This story was originally published by ProPublica.
ProPublica is a Pulitzer Prize-winning investigative newsroom. Sign up for The Big Story newsletter to receive stories like this one in your inbox.Series: The Price Kids Pay How Schools and Police Work Together to Punish Students
At Bloom Trail High School in Chicagos south suburbs, the student body is diverse: About 60% of the 1,100 students are Black or multiracial. Another 27% are Latino. And 12% are white.
But when you look at the group of students who get ticketed for misbehavior at school, the diversity vanishes.
Police, in cooperation with school officials, have written 178 tickets at the school in Steger since the start of the 2018-19 school year. School district records show that six went to Latino students. Five went to white students. And 167 went to Black or multiracial students 94% of the total.
Such racial disparities in ticketing are part of a pattern at schools across the state, an investigation by ProPublica and the Chicago Tribune has found. In the schools and districts examined, an analysis indicated that Black students were twice as likely to be ticketed as their white peers.
Reporters set out to analyze police ticketing in nearly 200 districts throughout Illinois, which together enroll most of the states high school students. Most local officials either did not specify race on tickets or refused to provide the information, but the news organizations obtained documentation of the race of students for about 4,000 tickets issued at schools in 68 districts.
After excluding places where ticketing was rare, schools in 42 districts remained, representing more than one-fifth of the states high school students. The analysis found that about 9% of those students are Black but nearly 20% of tickets went to Black students.
Analyzing tickets received by members of other racial or ethnic groups is more difficult, in part because the Tribune and ProPublica identified anomalies in the way school districts and police recorded information about white and Latino students. But students in those groups dont appear to have been ticketed at high rates compared to their share of school enrollment.
Student ticketing in Illinois, or any other state, has never been examined on this scale. In fact, while Illinois officials have focused on whether schools are suspending or expelling Black students in unequal ways, they have not monitored police ticketing at schools. Neither has the division of the U.S. Department of Education that oversees civil rights issues.
The first installment of the Tribune-ProPublica investigation The Price Kids Pay detailed how student ticketing flouts a state law meant to prevent schools from using fines to discipline students. The investigation, which was based on school and municipal records from across the state, documented at least 11,800 tickets during the past three school years. It found that schools often involve police in minor incidents, resulting in harsh fines, debt for students and families and records that can follow children into adulthood. (Use our interactive database to look up how many and what kinds of tickets have been issued in an Illinois public school or district.)
In response, Illinois top education official told school leaders to immediately stop and consider both the cost and the consequences of these fines, and Gov. J.B. Pritzker said conversations already were underway with legislators to make sure that this doesnt happen anywhere in the state of Illinois.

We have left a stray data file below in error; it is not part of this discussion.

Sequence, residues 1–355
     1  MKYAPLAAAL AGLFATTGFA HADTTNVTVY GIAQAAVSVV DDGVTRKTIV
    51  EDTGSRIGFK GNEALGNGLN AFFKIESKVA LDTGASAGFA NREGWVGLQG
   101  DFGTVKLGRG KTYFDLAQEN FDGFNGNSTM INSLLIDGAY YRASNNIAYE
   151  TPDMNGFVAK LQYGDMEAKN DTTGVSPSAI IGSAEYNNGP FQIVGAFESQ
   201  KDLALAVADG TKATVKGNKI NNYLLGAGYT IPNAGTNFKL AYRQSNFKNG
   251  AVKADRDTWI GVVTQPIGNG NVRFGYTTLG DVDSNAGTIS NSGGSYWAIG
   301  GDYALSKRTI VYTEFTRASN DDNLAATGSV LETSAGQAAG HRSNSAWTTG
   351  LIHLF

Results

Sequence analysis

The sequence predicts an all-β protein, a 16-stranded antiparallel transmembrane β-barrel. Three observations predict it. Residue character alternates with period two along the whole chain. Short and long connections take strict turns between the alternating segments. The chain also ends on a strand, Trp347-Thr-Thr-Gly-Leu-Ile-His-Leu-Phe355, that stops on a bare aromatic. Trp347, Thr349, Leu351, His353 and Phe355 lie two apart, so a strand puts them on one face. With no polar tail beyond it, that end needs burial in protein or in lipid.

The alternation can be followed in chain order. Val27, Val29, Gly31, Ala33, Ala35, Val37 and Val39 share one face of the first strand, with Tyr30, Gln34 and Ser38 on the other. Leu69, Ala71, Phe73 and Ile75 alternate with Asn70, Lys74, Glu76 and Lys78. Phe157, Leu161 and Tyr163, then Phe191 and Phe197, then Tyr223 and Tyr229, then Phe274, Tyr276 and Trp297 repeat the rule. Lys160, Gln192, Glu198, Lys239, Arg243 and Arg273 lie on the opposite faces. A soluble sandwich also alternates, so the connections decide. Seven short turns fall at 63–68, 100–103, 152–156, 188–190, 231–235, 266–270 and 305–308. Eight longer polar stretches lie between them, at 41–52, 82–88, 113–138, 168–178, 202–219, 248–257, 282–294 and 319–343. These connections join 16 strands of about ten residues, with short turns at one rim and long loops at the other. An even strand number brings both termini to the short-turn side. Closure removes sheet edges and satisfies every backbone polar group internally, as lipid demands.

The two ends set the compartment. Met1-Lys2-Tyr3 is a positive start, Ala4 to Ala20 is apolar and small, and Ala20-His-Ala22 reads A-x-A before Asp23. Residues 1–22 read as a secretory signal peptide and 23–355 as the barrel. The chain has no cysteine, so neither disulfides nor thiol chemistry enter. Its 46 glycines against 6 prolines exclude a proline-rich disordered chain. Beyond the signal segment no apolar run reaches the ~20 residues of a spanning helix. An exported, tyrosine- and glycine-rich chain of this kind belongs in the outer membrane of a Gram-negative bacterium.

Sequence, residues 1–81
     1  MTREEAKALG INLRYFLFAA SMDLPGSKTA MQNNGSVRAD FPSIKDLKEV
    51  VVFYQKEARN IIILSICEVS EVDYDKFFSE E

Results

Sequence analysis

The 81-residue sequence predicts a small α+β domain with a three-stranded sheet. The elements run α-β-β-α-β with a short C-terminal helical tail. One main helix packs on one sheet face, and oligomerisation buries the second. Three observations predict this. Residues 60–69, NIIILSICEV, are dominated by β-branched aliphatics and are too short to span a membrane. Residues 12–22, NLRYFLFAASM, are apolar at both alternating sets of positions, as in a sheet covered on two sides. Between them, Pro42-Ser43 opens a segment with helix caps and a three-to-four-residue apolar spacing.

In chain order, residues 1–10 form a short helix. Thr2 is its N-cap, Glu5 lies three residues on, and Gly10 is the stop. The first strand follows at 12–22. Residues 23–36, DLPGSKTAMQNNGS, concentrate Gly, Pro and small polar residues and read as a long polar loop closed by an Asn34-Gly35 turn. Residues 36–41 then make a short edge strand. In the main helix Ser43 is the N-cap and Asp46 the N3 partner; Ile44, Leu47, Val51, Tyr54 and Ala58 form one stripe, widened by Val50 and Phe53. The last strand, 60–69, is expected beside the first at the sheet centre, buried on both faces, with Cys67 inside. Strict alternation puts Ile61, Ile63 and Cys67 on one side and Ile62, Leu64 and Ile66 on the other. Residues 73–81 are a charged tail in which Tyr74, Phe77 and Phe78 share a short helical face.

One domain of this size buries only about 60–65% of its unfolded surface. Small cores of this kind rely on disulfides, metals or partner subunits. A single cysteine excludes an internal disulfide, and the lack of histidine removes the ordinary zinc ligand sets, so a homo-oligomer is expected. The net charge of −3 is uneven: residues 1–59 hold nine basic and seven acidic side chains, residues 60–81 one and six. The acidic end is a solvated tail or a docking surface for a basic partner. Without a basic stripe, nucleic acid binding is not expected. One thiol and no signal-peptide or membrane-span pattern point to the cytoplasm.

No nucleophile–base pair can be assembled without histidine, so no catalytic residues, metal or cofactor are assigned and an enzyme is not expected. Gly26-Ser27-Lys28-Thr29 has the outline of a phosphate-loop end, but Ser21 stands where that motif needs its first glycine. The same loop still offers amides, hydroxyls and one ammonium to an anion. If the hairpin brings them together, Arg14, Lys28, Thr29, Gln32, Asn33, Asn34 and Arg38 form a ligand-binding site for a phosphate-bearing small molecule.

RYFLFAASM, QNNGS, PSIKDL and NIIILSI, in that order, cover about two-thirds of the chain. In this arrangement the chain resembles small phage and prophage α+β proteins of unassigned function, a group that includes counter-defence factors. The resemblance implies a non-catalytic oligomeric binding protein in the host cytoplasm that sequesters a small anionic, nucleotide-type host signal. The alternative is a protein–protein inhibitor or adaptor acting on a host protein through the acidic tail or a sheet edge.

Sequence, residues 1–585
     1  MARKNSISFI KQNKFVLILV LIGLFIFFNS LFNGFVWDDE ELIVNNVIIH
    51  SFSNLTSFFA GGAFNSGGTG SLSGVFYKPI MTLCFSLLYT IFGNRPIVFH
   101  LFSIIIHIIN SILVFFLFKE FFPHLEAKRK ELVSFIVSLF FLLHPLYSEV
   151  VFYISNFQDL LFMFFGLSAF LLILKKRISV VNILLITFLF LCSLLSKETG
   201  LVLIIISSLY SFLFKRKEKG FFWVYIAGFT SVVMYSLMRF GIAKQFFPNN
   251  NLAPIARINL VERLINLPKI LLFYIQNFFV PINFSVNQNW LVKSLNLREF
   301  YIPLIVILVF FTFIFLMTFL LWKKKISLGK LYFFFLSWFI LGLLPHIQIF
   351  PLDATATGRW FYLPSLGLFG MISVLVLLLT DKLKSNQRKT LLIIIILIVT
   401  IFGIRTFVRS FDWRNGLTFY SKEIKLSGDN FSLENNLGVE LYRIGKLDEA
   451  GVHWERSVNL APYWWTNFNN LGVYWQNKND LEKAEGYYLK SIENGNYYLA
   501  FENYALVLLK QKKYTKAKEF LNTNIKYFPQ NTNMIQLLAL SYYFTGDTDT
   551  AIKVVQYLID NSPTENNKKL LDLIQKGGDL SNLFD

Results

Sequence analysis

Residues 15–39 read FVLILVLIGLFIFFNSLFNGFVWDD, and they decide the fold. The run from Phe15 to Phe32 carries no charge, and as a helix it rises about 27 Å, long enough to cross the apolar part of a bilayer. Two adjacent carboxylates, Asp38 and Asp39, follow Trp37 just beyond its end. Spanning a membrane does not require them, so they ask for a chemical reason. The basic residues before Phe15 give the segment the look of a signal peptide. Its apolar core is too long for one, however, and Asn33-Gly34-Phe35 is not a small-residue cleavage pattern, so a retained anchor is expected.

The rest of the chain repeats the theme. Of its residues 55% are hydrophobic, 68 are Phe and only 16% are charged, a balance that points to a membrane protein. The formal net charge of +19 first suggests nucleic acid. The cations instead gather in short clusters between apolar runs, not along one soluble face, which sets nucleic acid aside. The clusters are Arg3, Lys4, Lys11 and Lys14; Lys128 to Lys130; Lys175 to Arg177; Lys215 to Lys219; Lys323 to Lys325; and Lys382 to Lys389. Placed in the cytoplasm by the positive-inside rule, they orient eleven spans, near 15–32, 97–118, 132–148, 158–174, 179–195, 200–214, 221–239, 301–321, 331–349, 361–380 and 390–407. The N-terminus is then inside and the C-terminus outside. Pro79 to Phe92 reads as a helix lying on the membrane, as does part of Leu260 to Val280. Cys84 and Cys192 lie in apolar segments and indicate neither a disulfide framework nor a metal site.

Illinois lawmakers tried in the past to pass legislation that would require school districts to collect and share student race and ethnicity data compiled by police when they intervene at schools for all types of disciplinary reasons, including such minor offenses as tobacco possession, tardiness or insubordination. But those efforts have stalled.
House Speaker Emanuel Chris Welch, a Democrat, said the legislature should take action if school ticketing is harming students.
If these tickets are being issued disproportionately to people of color, we need to address that. That can create larger problems for students of color, problems that weve become accustomed to for far too long, Welch said in an interview.
The U.S. Department of Education collects data nationally in alternate years about the race of students referred to and arrested by police. But it didnt do so during the 2019-20 school year, when in-person learning was interrupted by the pandemic. In 2017-18, the most recent year data was collected, Illinois stood out for the gap between the percentage of students who are Black and the percentage of students referred to the police who are Black. No other state had a bigger disparity.
In response to similar data on expulsions and suspensions, the state last fall put a group of districts including Bloom Township High School District 206 on notice to reform how they handle discipline.
In an emailed response to reporters questions, district officials said they were concerned about the racial disparities in ticketing identified at Bloom Trail. The districts response asserted that Black students and white students receive the same consequences for the same offenses and that the school has been affected by a rise in violent crime and gang activity in the communities the school serves.
Officials at Bloom Trail, which employs security guards to work inside the school, call Steger police when there is a fight that school officials think warrants a citation. Police bring the students tickets to the school, and officials give them to the students or their parents.
Greg Horak, Bloom Townships director of climate, described the citations as a supplement to school discipline. Dealing with the police, we hope this shows parents that this is a very serious situation, Horak said in an interview.